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Peng George Wang

Peng George Wang Peng George Wang
Professor and Georgia Research Eminent Scholar in Chemical Glycobiology
Carbohydrate Chemistry, Glycobiology, Organic Chemistry, Medicinal Chemistry, Biochemistry, Analytical Chemistry


B.S. (1984):  Nankai University, China
Ph.D (1990) :  University of California, Berkeley

Dr. Peng George Wang
Department of Chemistry
Georgia State University
P.O. Box 3965
Atlanta, Georgia 30302-3965

Department Office Phone: 404-413-5500


Phone: 404-413-3591
Fax: 404-413-5505
Office: 787 Petit Science Center
Email:  pwang11@gsu.edu

Peng George Wang obtained his B.S. Degree in Chemistry from Nankai University, China in 1984 and his Ph.D. Degree in organic chemistry from University of California, Berkeley in 1990. He then conducted postdoctoral research in Scripps Research Institute and became an Assistant Professor in 1994 in University of Miami. From 1997 to 2003, he was a faculty at Wayne State University. In 2003, he took a position in the Departments of Biochemistry and Chemistry at Ohio State University as Ohio Eminent Scholar in Macromolecular Structure and Function.  In 2011 He became Professor and Georgia Research Eminent Scholar in Chemical Glycobiology in the Department of Chemistry at Georgia State University.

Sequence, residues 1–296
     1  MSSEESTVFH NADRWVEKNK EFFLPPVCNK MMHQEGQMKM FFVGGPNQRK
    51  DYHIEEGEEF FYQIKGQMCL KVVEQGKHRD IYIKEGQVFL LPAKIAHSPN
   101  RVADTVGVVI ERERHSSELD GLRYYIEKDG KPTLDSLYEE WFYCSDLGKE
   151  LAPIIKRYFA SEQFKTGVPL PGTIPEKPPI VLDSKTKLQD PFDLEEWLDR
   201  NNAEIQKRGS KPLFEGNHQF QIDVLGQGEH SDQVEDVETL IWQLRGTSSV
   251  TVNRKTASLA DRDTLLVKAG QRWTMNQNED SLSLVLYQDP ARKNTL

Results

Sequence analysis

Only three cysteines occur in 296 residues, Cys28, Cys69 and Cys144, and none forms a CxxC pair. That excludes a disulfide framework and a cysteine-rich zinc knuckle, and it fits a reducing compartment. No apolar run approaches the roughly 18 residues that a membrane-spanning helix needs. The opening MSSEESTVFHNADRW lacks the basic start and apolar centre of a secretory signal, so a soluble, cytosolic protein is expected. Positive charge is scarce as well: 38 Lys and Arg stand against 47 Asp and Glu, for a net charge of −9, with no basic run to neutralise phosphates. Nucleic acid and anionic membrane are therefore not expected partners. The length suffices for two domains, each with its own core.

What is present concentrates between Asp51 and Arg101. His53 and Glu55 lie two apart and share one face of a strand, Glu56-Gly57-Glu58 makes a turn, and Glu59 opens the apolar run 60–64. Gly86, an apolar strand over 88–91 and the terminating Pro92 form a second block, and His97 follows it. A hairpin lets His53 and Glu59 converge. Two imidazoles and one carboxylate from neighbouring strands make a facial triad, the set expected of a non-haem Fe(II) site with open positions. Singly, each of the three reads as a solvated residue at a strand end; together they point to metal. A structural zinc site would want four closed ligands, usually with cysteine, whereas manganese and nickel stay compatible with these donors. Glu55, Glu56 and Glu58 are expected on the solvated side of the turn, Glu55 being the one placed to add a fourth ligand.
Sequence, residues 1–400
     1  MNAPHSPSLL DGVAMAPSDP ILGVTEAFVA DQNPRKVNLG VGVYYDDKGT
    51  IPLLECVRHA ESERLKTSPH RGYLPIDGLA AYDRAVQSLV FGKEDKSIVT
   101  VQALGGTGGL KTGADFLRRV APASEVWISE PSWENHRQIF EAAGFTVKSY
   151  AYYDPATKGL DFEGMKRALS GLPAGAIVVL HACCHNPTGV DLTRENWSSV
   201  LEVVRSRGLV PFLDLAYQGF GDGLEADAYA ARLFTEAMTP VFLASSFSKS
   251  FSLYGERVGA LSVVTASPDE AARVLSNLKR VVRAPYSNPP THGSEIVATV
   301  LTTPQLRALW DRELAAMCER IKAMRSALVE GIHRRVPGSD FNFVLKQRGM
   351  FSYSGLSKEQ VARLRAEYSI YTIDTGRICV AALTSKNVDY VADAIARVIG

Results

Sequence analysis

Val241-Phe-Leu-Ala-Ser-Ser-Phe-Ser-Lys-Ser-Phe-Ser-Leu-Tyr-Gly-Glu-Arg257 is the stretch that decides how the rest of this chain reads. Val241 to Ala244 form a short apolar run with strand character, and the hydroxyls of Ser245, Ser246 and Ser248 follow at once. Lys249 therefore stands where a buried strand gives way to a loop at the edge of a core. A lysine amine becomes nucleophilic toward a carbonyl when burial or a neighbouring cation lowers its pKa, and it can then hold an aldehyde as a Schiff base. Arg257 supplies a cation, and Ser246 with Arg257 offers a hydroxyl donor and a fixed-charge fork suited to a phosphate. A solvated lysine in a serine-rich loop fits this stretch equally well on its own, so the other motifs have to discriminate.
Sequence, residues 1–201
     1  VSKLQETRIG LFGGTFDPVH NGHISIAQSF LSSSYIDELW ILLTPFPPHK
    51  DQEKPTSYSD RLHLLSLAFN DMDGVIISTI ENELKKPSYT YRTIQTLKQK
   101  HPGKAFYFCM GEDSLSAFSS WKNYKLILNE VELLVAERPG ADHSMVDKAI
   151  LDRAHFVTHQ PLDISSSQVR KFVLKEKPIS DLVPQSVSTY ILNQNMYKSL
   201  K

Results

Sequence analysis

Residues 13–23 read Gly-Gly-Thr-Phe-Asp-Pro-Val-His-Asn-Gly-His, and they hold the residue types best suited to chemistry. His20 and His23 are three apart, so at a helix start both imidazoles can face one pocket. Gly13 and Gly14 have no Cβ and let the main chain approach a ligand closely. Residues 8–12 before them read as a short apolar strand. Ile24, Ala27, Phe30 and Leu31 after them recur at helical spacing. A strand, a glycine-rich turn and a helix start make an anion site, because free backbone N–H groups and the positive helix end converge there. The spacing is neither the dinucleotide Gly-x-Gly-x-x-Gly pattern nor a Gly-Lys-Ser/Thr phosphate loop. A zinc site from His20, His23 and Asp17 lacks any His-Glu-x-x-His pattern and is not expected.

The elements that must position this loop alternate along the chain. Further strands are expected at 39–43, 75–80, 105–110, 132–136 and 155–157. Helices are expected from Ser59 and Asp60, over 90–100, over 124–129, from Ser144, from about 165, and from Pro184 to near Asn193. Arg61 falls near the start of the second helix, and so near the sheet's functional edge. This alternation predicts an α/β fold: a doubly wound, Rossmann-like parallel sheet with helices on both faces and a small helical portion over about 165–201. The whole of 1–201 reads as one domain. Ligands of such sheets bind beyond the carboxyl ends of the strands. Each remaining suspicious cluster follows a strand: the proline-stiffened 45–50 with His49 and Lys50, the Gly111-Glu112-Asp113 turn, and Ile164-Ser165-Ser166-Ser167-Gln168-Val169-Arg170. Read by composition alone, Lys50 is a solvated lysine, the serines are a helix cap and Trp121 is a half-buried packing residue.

Research Interests:

Bioorganic Chemistry, Synthesis of Natural Products, Medicinal Chemistry, Carbohydrate Chemistry, Biotechnology, Bioengineering, Green Chemistry, Bioanalytical Chemistry

The main research focus in Wang's laboratory is in GLYCOSCIENCE: ---investigation on carbohydrates in chemical, biological, agricultural and bioengineering sciences (glyco = sugar). Advances in biologicalscience have demonstrated that carbohydrates serve not only as structural components and energy sources, but also as key elements in virtually alllife processes, including bacterial and viral infections, cell adhesion in inflammation and metastasis, differentiation, development, regulation,and many other intercellular communication and signal transduction events. Wang's laboratory is using a variety of modern research tools to uncover the biological functions of carbohydrates. We are working on four research areas: